Playing live might be something you love to do, but that doesn’t make it easy. We sometimes only think about the work it takes to pull off individual shows without considering everything we’ve done to get where we are. Even if you’re an unestablished musician early in your career, you’ve probably spent thousands of dollars on instruments and equipment and have devoted countless hours to your craft. This is all to say that you and your music are valuable, and what you do with your work should be rewarding in some way.
Playing live takes significant planning and preparation to pull off. For most unestablished bands, live performances mean coordinating with venues, weeks of rehearsing, and promotion––and this all happens long before musicians get up on stage. No matter what your goals and experience level are in music, performing needs to be rewarding in some way for it to be worth it. When considering whether to play live or not, ask yourself if you’re likely to get one of these three things:
Connection with listeners
If a performance opportunity is likely to deepen or expand your connection with listeners, then you should consider saying yes. Our digitally driven world continues to change music in profound ways, but nothing substitutes how it sounds and feels for a person to hear music live in a venue. This means that everyone from established artists to young musicians making music in their bedrooms miss out on massive opportunities to develop their careers when they don’t pursue live shows seriously.
However, this doesn’t mean that each and every show is bound to give your music meaningful exposure. As a general rule, if someone is asking to play for free with the promise that lots of people will show up and become fans of your music, that’s most likely not going to happen. If a show seems like it will actually bring new fans to your music, then go for it. But if not, you’ll need something else to make it worth your time.
Some musicians should take every performance opportunity for their music they can get. These include new projects, bands that haven’t performed in a long time, and unestablished acts that want to road-test new material. If you’re looking to gain experience playing live, you can definitely find it all over your region, if not right in your own hometown. If your band is new and unproven locally, don’t expect the shows you land to take place at great venues on weekend nights. The performance opportunities you’ll most likely get will be open mic nights, modest shows at coffee shops and other unconventional venues, and off nights opening for bands you’ve never heard of at small clubs. Think of this as paying your dues. With the right attitude and tenacity, you’ll eventually develop your live performance experience and move on to better opportunities.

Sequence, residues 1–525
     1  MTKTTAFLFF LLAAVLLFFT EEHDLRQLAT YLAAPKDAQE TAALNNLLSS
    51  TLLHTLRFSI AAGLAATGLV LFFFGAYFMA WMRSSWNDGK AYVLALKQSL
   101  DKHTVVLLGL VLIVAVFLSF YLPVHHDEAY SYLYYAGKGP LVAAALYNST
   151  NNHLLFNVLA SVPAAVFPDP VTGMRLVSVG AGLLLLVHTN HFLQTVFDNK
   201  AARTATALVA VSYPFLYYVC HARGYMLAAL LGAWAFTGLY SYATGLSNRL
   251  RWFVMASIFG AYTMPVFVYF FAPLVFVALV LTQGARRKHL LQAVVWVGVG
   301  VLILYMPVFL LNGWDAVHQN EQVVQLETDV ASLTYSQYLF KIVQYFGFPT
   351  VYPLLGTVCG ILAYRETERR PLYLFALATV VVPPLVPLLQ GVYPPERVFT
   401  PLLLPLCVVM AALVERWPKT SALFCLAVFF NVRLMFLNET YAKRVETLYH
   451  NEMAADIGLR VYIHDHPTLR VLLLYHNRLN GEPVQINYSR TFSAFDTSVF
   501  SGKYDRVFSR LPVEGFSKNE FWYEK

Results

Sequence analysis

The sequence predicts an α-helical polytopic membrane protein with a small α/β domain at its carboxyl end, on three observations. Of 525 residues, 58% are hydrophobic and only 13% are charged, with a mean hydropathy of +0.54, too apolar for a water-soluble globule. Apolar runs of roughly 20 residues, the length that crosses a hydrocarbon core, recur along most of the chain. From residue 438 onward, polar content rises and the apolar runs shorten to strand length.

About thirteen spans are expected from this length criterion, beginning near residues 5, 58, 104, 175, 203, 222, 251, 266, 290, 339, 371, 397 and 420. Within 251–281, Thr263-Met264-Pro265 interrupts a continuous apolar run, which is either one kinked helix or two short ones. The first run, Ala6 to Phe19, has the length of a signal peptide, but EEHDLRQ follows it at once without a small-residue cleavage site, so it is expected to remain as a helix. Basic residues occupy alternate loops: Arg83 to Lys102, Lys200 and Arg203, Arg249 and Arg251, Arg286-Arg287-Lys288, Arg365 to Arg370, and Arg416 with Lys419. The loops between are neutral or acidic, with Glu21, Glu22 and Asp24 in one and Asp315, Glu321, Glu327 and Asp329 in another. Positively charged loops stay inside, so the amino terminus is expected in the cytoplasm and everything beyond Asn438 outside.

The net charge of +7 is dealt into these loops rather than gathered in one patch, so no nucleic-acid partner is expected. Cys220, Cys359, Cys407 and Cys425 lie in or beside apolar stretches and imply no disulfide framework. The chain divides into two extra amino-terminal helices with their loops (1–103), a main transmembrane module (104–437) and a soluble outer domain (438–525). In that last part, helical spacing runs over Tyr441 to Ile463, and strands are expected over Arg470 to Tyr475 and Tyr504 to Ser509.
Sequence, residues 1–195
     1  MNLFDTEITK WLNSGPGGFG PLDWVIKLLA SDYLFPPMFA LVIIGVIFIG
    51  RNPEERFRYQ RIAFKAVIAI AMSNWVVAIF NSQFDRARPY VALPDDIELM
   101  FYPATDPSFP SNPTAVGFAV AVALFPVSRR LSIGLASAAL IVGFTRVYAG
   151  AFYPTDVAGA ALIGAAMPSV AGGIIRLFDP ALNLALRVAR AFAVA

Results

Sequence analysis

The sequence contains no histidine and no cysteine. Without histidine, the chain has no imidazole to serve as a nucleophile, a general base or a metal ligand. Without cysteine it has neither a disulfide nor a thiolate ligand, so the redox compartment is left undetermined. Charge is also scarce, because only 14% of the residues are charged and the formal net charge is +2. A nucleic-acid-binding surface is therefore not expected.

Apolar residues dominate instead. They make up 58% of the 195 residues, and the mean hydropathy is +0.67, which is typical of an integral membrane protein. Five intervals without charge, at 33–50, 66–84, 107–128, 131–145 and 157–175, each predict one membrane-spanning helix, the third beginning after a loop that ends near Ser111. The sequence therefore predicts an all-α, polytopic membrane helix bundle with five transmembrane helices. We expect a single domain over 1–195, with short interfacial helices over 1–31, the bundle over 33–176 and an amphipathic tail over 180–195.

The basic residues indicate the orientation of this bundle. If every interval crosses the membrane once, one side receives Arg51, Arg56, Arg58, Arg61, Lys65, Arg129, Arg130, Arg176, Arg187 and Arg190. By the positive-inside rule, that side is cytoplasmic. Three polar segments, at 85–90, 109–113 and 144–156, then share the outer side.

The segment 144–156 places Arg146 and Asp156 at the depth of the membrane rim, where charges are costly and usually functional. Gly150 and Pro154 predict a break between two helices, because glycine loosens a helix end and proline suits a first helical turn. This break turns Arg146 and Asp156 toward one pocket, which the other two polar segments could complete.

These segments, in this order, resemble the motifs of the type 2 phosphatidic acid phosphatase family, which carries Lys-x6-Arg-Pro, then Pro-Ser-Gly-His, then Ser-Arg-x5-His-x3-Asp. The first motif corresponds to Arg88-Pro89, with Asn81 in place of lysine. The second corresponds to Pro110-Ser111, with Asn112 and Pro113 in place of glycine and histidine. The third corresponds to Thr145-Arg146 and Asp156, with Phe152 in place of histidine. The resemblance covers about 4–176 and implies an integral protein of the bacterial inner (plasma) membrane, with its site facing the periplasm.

Many musicians should be thinking and talking about money more, not less. There’s a destructive idea floating around some segments of the music industry that money is toxic and ruins the purity of music. While making superficial music designed only to earn money will hurt most of us as musicians, ignoring money in music completely will end up hurting all of us. It takes lots of money to be able to be a serious musician. From music lessons to expensive equipment and instruments, a serious music career demands huge financial investment. If a performance opportunity promises to pay you for your time and effort, it’s worth considering. Serious musicians need to find income for their work anywhere they can find it––without compromising their values, that is. If a venue or music festival is offering to pay you but there’s not much else in it for you, it’s worth considering if the money you’ll earn can pay for your life and help you invest further in your career.
Asking yourself if a show will either pay, connect you with fans, or give you a meaningful experience is a good way to help you decide whether to take it or not, but it still won’t always be easy to decide. If you have a bad feeling about a performance opportunity, don’t take it. Ones that better fit your needs will come your way eventually.
Patrick McGuire is a writer, musician, and human man. He lives nowhere in particular, creates music under the name Straight White Teeth, and has a great affinity for dogs and putting his hands in his pockets.